Since I’m not a professional blogger, I can’t cover all developments in health care and comment on all opinions that appear in major papers. I assume readers who want that level of coverage are following Kaiser Health News and Igor Volsky of the Wonk Room. Of course there are other good bloggers, journalists, and sources (see my Google Reader bundles).
Anyway, I happen to have a few minutes and a reader specifically asked me to comment on one of the issues of the day. So, … today Tennessee Governor Philip Bredesen published an op-ed in the Wall Street Journal claiming that to show
how the economics of dropping existing coverage is about to become very attractive to many employers, both public and private. By 2014, there will be a mini-industry of consultants knocking on employers’ doors to explain the new opportunity. And in the years after 2014, the economics just keep getting better.
The consequence of these generous subsidies will be that America’s health reform may well drive many more people than projected out of employer-sponsored insurance and into the heavily subsidized federal system. Perhaps this is a miscalculation by the Congress, perhaps not. One principle of game theory is to think like your opponent; another is that there’s always a larger game.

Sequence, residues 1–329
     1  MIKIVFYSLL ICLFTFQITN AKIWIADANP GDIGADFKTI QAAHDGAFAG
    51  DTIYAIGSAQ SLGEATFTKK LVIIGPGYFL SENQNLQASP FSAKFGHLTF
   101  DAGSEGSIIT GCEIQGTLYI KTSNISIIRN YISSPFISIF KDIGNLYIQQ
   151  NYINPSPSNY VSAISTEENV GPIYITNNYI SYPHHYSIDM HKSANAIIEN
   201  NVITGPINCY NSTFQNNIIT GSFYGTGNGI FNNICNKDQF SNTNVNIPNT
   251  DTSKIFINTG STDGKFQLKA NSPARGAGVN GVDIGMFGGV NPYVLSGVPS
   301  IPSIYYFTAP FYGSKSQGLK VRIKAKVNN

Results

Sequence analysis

Did Bredesen get his math right to back up his assertion that employers will find dropping coverage very attractive? Jon Gruber says, “No.” (Follow the link for the math.) Moreover, he concludes,
Bredesen, in other words, has it backwards. The Affordable Care Act will not lead to widespread erosion of employer-sponsored insurance. Rather, it will provide the necessary protection for those who are suffering from the erosion that is already taking place.
I’m siding with Gruber on this one. I’ve already written about how the ACA won’t erode employer coverage very quickly (it hasn’t in Massachusetts), though gradually it will (I’m talking decades). And that’s a good thing.